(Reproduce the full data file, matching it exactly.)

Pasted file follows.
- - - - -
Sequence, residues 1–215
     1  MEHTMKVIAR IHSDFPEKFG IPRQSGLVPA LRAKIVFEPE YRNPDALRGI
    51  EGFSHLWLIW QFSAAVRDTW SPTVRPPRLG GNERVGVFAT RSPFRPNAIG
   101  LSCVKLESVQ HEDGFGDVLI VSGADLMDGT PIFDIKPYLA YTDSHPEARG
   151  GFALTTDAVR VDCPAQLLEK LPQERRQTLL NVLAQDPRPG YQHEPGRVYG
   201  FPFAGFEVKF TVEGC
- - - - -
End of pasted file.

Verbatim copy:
Sequence, residues 1–215
     1  MEHTMKVIAR IHSDFPEKFG IPRQSGLVPA LRAKIVFEPE YRNPDALRGI
    51  EGFSHLWLIW QFSAAVRDTW SPTVRPPRLG GNERVGVFAT RSPFRPNAIG
   101  LSCVKLESVQ HEDGFGDVLI VSGADLMDGT PIFDIKPYLA YTDSHPEARG
   151  GFALTTDAVR VDCPAQLLEK LPQERRQTLL NVLAQDPRPG YQHEPGRVYG
   201  FPFAGFEVKF TVEGC